Can we start counting the days until season two?

Last night's This is Us finale still has me reeling, and I'm acutely aware I'm going to be in serious withdrawal of this newfound favorite show of mine. 

I was late to the This Is Us game (spoilers ahead), but better late than never. I picked up the remote in January after seeing the trailer on a friend’s Facebook feed and being further convinced by fellow Verily contributor Katie Scheu. The Pearson clan had my heart instantly, not least because the pilot includes the loss of a child. At the time, I was observing the fifth anniversary of my miscarriage. The scenes both in the hospital and at home were handled with honesty, power, and grace. I was all in.

This Is Us is about more than loss. It’s about how our pasts inform our futures, and how the people we let in to our lives help shape who we become. I’d argue it’s a show about redemption, and that’s why so many people—my neighbors, my parents, the list goes on—have fallen in love with it.

Last night’s season finale was unpredictable, as I’ve come to expect. Of course I didn’t get the answers the trailer teased, and I’m sure there will be loads of opinions on the finale today. While we still don’t know how a certain favorite character died—and I’m kind of glad we don’t—here’s what I know I’ll miss until season two premieres.

01. Relating to Rebecca

Like Rebecca Pearson (played by Mandy Moore), I have three children, in addition to the child I lost. While mine aren’t triplets, they share the virtue of being totally distinct human beings who need and want different things from me—and who offer me something absolutely unique of themselves in return.

Mothering is a blessing. And it’s hard. So often I find myself nodding along with Rebecca and her frustrations and fears that she can’t give her kids enough of what they need (and mine aren’t teenagers yet!). It’s something I relate to on the inside, but as a viewer I’m also privy to what this effort looks like from the outside. Rebecca makes mistakes, but overall, I think she’s doing a pretty good job. I’d have coffee with her any day.

02. Being creatively inspired

The writing on this show is just so darn good. I write fiction, and my critique group regularly discusses the delicate balance of how much information to give the audience, in whose voice, at what point in the story, and what effect that might have on other scenes. The masterful way the writers for This Is Us navigate time, place, and the often messy tangle of interwoven relationships is simply brilliant. Add in solid, moving performances by the cast, across the board, and you’ve got something that will keep any kind of artist’s creative juices invigorated and flowing.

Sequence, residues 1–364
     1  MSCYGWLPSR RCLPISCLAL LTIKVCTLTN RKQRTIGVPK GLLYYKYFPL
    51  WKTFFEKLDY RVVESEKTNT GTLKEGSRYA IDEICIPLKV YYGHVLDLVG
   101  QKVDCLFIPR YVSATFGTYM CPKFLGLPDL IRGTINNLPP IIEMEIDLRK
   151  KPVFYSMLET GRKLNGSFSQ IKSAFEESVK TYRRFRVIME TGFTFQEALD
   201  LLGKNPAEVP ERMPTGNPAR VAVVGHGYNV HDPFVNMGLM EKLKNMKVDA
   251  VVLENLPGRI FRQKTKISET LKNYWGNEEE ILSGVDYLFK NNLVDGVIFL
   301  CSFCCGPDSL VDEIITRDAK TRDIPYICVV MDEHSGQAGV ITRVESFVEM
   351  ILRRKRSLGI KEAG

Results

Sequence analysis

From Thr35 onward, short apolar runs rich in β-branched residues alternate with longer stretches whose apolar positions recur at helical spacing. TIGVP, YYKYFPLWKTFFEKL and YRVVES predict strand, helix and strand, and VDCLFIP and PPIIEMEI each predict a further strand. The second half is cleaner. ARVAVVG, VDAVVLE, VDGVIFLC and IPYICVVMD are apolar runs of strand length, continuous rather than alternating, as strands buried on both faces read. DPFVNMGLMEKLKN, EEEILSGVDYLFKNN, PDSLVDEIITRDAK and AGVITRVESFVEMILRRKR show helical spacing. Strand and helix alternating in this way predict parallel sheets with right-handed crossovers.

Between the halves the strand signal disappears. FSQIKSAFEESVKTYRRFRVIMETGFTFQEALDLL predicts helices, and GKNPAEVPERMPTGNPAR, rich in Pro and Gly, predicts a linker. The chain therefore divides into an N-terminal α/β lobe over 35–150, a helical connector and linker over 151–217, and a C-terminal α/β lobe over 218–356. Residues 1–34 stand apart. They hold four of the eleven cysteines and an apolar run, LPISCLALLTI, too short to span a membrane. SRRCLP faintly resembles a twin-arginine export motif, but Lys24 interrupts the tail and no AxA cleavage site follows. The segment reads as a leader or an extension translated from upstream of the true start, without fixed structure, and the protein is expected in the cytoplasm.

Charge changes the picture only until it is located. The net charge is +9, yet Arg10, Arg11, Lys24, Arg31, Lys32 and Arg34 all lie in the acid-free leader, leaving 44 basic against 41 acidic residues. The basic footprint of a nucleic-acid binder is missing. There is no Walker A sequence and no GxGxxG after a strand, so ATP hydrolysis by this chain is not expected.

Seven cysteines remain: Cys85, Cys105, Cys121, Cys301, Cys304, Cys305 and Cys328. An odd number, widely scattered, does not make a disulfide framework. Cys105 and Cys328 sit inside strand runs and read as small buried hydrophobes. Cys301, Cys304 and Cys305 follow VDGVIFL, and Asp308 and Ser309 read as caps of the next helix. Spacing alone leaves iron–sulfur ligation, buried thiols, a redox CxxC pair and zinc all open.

03. Reminders that every moment matters

In any means of storytelling, the audience doesn’t witness every moment of the characters’ lives. We only see the ones the creators recognize as significant enough to merit playing out. In real life, we don’t know which moments these will turn out to be. I’ve been to my local diner hundreds of times. How was I to know it would be over the most generic meal there—a chicken salad club—that I’d realize I’d fallen in love with the boy who would later become my husband?

Many of these game-changers in the show start out as ordinary moments, and I love that. A bus ride turns into a love story. A song at a bar turns into a love story. The children’s birthday party turns into . . . well, another love story. Maybe there’s a theme here, but it’s one I can get behind: you don’t know who you’re going to meet today, or where that person will take you. We’re all flawed, but it’s worth it to be open to the possibilities. Otherwise, you could miss something pretty huge.

04. Tuesdays with Milo

Can we talk about how great it is to have Jess—I mean, Jack—back in our lives? First a peek at present-day Jess in Gilmore Girls: A Year in the Life; now, for a time at least, the return of Tuesdays with Milo Ventimiglia as Jack, father of the Big Three.

Though they’re in different situations, Jess and Jack seem kindred spirits to me. They aren’t perfect. They have limits. But they love with as much of themselves as they are able to give. That final scene last night? I’d watch that on loop, with my husband’s arm around me, just as I did on the couch yesterday. Jess and Jack are worthy of admiration, but they don’t hold a candle to my John (see point 3).

We live in a time when it’s easy to only see others’ achievements and happy faces via social media. Our culture encourages us to push the harder stuff away. This Is Us is a well-timed reality check: no one's perfect. No one’s going to be. Life is messy, and a lot of times, it hurts. When you hurt, you can grow. The Pearson family has brought us together, and that, in my book, is art in its best form.

Photo Credit: NBC